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Novel brain arteriovenous malformation mouse models for type 1 hereditary hemorrhagic telangiectasia.

Authors: Choi, EJ  Chen, W  Jun, K  Arthur, HM  Young, WL  Su, H 
Citation: Choi EJ, etal., PLoS One. 2014 Feb 10;9(2):e88511. doi: 10.1371/journal.pone.0088511. eCollection 2014.
Pubmed: (View Article at PubMed) PMID:24520391
DOI: Full-text: DOI:10.1371/journal.pone.0088511

Endoglin (ENG) is a causative gene of type 1 hereditary hemorrhagic telangiectasia (HHT1). HHT1 patients have a higher prevalence of brain arteriovenous malformation (AVM) than the general population and patients with other HHT subtypes. The pathogenesis of brain AVM in HHT1 patients is currently unknown and no specific medical therapy is available to treat patients. Proper animal models are crucial for identifying the underlying mechanisms for brain AVM development and for testing new therapies. However, creating HHT1 brain AVM models has been quite challenging because of difficulties related to deleting Eng-floxed sequence in Eng(2fl/2fl) mice. To create an HHT1 brain AVM mouse model, we used several Cre transgenic mouse lines to delete Eng in different cell-types in Eng(2fl/2fl) mice: R26CreER (all cell types after tamoxifen treatment), SM22alpha-Cre (smooth muscle and endothelial cell) and LysM-Cre (lysozyme M-positive macrophage). An adeno-associated viral vector expressing vascular endothelial growth factor (AAV-VEGF) was injected into the brain to induce focal angiogenesis. We found that SM22alpha-Cre-mediated Eng deletion in the embryo caused AVMs in the postnatal brain, spinal cord, and intestines. Induction of Eng deletion in adult mice using R26CreER plus local VEGF stimulation induced the brain AVM phenotype. In both models, Eng-null endothelial cells were detected in the brain AVM lesions, and formed mosaicism with wildtype endothelial cells. However, LysM-Cre-mediated Eng deletion in the embryo did not cause AVM in the postnatal brain even after VEGF stimulation. In this study, we report two novel HHT1 brain AVM models that mimic many phenotypes of human brain AVM and can thus be used for studying brain AVM pathogenesis and testing new therapies. Further, our data indicate that macrophage Eng deletion is insufficient and that endothelial Eng homozygous deletion is required for HHT1 brain AVM development.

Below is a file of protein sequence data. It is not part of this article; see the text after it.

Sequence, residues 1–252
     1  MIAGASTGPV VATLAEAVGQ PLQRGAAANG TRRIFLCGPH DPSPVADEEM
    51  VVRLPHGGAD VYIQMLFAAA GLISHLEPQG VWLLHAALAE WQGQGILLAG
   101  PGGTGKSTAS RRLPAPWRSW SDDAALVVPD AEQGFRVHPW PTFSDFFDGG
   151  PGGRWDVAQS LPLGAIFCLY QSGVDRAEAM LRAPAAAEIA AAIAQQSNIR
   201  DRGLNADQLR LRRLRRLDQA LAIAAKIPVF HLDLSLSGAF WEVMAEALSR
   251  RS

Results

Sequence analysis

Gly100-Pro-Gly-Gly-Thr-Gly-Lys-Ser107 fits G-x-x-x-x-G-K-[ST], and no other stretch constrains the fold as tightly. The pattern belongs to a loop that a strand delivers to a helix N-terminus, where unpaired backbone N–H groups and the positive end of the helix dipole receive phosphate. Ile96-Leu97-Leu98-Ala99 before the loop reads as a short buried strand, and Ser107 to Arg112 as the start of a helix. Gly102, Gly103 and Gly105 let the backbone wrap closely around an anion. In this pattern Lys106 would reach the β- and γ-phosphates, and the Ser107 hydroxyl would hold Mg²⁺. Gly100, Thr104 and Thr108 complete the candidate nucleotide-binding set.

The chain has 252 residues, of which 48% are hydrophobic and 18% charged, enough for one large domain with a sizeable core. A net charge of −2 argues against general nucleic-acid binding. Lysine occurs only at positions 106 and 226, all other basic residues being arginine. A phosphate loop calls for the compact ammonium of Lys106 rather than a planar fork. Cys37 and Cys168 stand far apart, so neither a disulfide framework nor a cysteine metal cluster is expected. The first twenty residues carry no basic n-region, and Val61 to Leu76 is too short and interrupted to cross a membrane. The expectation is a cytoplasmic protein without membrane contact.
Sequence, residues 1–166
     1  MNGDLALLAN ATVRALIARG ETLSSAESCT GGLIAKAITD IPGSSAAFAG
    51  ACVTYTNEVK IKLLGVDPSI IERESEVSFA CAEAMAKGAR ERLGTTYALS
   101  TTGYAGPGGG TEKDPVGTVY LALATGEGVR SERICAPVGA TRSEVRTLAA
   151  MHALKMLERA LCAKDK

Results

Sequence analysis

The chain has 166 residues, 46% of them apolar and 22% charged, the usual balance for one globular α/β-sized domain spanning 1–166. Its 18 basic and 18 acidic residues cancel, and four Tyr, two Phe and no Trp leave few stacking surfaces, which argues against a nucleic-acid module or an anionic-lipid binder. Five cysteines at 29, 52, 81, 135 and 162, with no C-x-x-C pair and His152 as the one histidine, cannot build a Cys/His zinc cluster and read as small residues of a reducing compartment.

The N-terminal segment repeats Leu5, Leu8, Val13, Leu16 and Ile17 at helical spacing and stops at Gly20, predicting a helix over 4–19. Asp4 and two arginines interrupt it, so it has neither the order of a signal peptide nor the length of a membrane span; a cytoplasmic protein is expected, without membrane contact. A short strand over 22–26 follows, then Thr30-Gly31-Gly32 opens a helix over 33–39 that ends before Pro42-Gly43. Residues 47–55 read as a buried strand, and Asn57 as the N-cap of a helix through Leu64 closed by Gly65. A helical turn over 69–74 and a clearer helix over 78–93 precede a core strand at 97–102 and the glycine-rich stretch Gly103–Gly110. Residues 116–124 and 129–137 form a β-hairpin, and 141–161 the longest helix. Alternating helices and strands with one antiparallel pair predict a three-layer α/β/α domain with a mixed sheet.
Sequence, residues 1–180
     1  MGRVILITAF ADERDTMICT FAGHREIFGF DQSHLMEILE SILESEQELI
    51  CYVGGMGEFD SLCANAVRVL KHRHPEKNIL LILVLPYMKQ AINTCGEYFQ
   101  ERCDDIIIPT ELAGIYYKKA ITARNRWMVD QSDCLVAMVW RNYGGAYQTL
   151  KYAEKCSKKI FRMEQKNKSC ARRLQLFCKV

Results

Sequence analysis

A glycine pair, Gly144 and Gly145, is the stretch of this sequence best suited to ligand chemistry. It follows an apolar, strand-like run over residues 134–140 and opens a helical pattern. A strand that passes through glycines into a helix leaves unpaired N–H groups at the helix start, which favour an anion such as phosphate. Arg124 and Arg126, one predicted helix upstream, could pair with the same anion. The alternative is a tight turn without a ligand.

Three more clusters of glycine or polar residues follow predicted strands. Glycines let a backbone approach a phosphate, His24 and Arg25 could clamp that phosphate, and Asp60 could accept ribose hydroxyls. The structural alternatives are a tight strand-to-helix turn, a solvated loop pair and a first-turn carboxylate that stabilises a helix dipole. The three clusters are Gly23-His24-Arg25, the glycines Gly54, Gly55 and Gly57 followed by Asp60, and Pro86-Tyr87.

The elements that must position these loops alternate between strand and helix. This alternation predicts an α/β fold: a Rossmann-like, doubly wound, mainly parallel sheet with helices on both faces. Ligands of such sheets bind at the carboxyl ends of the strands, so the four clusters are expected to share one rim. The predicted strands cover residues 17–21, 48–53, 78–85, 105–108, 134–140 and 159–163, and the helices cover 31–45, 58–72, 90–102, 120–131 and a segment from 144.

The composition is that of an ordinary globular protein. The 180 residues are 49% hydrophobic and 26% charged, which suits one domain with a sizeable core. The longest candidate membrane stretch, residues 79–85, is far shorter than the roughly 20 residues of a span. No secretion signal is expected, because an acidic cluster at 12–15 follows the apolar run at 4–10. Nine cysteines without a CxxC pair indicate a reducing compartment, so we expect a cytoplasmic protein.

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CRRD Object Information
CRRD ID: 11041564
Created: 2016-03-24
Species: All species
Last Modified: 2016-03-24
Status: ACTIVE


RGD is funded by grant HL64541 from the National Heart, Lung, and Blood Institute on behalf of the NIH.